From the MOV to Milwaukee

Closing the Teach For America Blogging Gap
Dec 14 2011

Learning the ropes…or just the fine print

So I learned that as a secondary math teacher, I’m most likely going to be placed in a charter or choice school.  Interesting.  While I’m hoping this will be a more supportive environment for a new teacher, and I know of many outstanding charter schools, part of me feels dis-loyal to the majority of students that are taught at district public schools.  However, for some reason, working at a charter/choice is more comforting than the terrifying abyss that I imagine is Milwaukee Public Schools.  Of course, that’s also just my imagination.

I also learned that I will be attending Marquette University and obtaining my M.Ed. (it is so similar to what is required for certification, not taking the extra two classes seems like a waste).  However, this is an unexpected expense…to the tune of several thousand dollars per year.  I’ve applied for a STEM fellowship that will finance graduate school, but its super prestigious.  Oh well.  4 years of undergrad, no loans, and I’ll have to take them out now… :/  Could be worse.  What I’m more worried about is the time commitment of classes and TFA professional development on top of trying to be a good first-year teacher.  I wasn’t planning on having a social life, but I do really like 7 hours of sleep…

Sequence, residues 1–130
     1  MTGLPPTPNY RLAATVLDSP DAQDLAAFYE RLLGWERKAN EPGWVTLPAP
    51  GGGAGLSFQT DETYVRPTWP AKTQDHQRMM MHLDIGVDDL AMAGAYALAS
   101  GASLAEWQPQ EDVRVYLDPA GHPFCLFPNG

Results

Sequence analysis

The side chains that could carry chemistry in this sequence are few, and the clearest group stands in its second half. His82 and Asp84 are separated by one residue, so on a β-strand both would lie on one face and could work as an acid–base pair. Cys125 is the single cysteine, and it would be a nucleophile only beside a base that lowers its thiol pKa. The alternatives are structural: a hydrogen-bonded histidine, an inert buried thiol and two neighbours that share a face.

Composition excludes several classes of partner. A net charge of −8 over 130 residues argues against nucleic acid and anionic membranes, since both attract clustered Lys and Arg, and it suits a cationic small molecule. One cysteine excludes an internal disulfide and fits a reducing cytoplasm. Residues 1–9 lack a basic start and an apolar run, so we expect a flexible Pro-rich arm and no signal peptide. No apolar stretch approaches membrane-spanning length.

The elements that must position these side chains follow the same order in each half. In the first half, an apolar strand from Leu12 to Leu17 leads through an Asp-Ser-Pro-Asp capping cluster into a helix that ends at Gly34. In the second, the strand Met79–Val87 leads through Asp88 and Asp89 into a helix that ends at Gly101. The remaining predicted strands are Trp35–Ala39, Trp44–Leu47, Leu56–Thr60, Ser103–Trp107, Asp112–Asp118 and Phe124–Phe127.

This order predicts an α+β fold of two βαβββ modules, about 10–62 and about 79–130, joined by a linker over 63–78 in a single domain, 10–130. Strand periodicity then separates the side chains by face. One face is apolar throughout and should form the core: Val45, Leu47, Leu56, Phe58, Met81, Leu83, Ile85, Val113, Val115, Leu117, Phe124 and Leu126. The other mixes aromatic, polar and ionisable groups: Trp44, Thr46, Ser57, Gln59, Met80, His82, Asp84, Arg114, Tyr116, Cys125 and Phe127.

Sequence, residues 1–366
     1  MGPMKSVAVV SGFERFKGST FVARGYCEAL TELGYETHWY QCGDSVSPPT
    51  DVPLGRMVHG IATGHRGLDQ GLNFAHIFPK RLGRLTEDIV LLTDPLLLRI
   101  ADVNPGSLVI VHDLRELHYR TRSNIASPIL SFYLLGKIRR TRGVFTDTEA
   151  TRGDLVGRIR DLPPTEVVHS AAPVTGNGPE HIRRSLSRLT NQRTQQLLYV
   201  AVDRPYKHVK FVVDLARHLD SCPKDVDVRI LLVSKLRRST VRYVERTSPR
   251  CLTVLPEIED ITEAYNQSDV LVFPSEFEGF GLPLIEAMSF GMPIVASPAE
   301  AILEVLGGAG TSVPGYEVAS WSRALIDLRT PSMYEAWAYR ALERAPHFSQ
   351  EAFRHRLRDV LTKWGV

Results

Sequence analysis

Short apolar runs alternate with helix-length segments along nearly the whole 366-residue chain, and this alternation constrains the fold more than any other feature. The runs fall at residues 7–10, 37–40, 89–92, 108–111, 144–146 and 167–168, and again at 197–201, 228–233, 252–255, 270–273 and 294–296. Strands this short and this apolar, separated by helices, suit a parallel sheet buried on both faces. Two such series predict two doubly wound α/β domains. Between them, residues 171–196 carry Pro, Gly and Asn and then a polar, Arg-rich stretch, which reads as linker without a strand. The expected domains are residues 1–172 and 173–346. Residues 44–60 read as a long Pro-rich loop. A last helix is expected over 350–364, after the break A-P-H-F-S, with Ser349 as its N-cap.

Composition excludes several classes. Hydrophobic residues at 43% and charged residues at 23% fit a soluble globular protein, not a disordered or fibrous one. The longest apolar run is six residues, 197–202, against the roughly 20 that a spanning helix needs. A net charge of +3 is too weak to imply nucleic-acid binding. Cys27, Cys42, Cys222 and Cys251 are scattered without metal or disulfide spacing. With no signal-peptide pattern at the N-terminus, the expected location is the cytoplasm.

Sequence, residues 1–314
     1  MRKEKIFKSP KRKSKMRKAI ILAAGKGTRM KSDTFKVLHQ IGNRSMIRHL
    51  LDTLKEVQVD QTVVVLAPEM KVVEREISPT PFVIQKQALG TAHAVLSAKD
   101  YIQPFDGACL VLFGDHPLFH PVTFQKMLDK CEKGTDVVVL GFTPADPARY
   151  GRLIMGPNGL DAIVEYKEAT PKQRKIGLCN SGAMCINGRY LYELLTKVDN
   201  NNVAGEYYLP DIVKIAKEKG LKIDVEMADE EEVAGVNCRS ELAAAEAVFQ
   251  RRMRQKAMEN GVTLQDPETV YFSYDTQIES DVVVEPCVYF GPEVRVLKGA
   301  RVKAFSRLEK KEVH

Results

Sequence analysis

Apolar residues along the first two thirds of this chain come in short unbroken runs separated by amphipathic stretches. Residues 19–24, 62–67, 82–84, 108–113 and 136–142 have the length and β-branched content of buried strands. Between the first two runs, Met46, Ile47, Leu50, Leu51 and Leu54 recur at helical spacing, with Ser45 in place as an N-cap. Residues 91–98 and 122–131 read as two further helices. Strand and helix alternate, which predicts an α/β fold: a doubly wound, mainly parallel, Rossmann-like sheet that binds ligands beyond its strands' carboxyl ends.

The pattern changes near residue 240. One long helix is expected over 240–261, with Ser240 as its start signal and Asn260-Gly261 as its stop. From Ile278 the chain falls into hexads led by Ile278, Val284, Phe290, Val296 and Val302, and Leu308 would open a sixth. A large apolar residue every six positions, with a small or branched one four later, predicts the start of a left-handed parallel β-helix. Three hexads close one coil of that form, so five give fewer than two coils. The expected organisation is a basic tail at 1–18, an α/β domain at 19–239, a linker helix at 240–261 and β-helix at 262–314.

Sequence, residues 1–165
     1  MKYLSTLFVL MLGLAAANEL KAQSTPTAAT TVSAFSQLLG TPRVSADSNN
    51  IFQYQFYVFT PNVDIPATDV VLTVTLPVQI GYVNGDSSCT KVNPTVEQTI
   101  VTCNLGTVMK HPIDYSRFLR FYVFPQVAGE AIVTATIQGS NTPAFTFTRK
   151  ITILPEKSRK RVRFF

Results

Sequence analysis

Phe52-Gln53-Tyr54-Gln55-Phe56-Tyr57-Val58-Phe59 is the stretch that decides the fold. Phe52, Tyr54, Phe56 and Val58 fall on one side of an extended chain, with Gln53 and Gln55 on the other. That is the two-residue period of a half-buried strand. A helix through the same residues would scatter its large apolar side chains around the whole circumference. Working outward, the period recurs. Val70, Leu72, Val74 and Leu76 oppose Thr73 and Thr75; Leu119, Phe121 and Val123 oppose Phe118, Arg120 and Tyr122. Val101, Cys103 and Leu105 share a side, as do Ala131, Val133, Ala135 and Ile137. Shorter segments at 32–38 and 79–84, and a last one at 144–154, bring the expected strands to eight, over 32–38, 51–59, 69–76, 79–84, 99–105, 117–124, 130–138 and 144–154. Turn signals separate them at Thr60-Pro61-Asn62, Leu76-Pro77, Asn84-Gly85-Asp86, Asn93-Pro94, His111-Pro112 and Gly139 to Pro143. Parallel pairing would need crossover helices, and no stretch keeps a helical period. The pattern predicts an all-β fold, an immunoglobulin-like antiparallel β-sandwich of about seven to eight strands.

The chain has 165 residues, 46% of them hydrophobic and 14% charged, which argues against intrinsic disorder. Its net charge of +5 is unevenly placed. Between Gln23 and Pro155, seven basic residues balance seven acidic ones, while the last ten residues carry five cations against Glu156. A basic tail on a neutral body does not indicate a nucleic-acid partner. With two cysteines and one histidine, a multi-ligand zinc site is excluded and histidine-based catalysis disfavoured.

On the bright side, finals week is almost over!  Home for two weeks, traveling to Nicaragua for two weeks (YAY!) then one semester until TFA time.  Whew!

Merry almost Christmas!

3 Responses

  1. That’s awesome. TFA is going to send you to a non-district school and require you to attend a private, religious college. Not exactly demonstrating a wholehearted commitment to Milwaukee’s public education system there, are they?

  2. SpEding through Dallas

    My advice: brace yourself.

  3. Meg

    Please don’t feel as if being placed in a charter is disloyal or inauthentic. My school is the top-ranked charter in my city, and one of the top in Tennessee. I teach sixth grade, and the average reading level my kids come in on is a 3.2. Many can’t multiply, some can’t add, and the childhood poverty rate in our neighborhood is 44% – higher than 92% of neighborhoods in the country. The country. Yes we have a strong culture, yes my administration is extremely supportive (which makes my job SO much easier), and yes our babies have been making significant gains. The point is, though, that all of this is possible because of the school and the teachers there, not because my kids are somehow different from kids at any other school here. My charter school babies need excellent, dedicated teachers who are willing to teach an 11-hour school day, to tutor, to call home, to double as a nurse, or counselor, or friend, or mom. My kids need teachers like you, just as much as any other kid in the city.

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